Auto-renewal is a problem that defies easy solution

The thing that worries me most about the next few years of health reform—aside from the obvious—is the kludgy auto-renewal process for exchange plans. There were some encouraging nuggets about reforming that process tucked into 324 pages of regulations released on Friday, but this is a problem that defies easy solution.

I’ll get to the new regulations—which will take a few years to scale up in their final form—in a separate post. First I want to lay out the issue, and why it makes me anxious.

If you’re not familiar with the auto-renewal problem, the short version is that tax credit calculations are complicated and pegged to the second-lowest cost silver plan—but if you rank plans by cost, that order will change each year, and the amount of subsidy a person is entitled to will change with it if they stick with the same plan. Consumer tendency toward inertia could mean that a lot of subsidized enrollees could see unexpected premium hikes that only materialize when subsidies are reconciled. It’s the reason you’ve (hopefully) read that exchange beneficiaries should shop around during open enrollment.

Policy writers have done an admirable job articulating the problem, but I worry the message still isn’t reaching people who actually have exchange coverage—people for whom this weedy mess could become an ugly financial reality. According to Gallup, only seven percent of newly-insured exchange enrollees plan to shop around. An overwhelming 68% plan to keep their current plan; the remaining 25 percent expect to find coverage elsewhere, drop coverage, or aren’t sure.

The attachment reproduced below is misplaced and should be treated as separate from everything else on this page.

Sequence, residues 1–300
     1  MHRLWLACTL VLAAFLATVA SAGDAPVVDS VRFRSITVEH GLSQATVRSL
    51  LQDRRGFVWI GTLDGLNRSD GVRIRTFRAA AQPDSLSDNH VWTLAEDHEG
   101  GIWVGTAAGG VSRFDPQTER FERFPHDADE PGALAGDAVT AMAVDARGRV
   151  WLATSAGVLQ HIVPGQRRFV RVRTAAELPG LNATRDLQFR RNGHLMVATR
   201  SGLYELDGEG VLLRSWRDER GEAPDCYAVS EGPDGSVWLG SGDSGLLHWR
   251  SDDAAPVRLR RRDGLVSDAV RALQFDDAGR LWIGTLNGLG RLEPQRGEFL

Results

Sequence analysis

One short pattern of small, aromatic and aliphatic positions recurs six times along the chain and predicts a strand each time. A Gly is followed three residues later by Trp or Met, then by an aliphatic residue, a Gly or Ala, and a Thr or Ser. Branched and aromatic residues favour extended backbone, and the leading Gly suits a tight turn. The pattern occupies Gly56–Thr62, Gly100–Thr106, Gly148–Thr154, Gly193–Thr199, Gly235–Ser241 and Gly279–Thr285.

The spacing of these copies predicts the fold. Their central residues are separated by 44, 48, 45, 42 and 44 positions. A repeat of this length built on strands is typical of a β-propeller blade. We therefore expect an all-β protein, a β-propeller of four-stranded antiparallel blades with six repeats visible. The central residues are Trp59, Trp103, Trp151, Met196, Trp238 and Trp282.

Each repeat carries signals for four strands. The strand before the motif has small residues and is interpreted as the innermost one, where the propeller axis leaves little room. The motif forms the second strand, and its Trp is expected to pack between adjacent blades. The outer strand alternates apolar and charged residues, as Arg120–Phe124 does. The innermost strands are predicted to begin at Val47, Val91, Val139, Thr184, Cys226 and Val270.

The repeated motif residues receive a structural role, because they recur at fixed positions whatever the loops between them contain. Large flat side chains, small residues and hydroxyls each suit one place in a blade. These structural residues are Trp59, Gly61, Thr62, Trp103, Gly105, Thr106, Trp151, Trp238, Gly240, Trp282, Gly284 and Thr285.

Call me a skeptic, but I’m hard-pressed to believe two-thirds of exchange enrollees fully understand the volatile nature of subsidies and want to keep their current plans anyway.

And yes, I worry about political blowback, too. Not only is the underlying problem difficult to explain, it’s also likely to be an unhappy surprise for affected enrollees. For some, that will happen during open enrollment (when there’s still an opportunity to change plans); for others, this issue won’t become clear until taxes are filed. The assumptions implicit in auto-renewal—that an enrollee’s income hasn’t changed, and that she’s entitled to the same level of subsidy—will be reconciled against reality at tax-time. Given the way benchmark plans have shuffled around, many people will be receiving subsidies that are too high, but they won’t know until they file taxes, when they could owe the difference back to the IRS. (There are income-based caps on the amount that can be owed back for people below 400% FPL.) 

The whole situation shares uncomfortable parallels with the “if you like your plan, you can keep it” snafu: sure, people who follow the minutiae of health reform understood how the grandfather clause works, but we’re hardly a representative slice of the population.

On a less political note, Austin has previously written about how auto-enrollment can stifle the very competition that exchanges are designed to promote:

Auto-renewal also offers insurers a way to retain customers without vigorously competing for them, counting on the fact that some consumers will stick with their plans even when, rationally, they should not […] Auto-renewal exists for a reason, but if consumers rely on it too much, the results will include higher premiums and greater market power for insurers.

The lessons here aren’t limited to the ACA. Talk of Medicare reform perennially circles back to vouchers, and introducing a competitive bidding scheme—even if we just did it for Medicare Advantage—would force us to grapple the same auto-renewal issues that the exchanges are currently facing. Nobody said competition was pretty.

Adrianna (onceuponA)

Update: Clarified the paragraph about this being an unhappy surprise for enrollees—in some cases, that surprise will be immediate, in other cases the problem may not reveal itself until subsidies are reconciled upon filing taxes. Like I said, subsidy calculation are complicated. 

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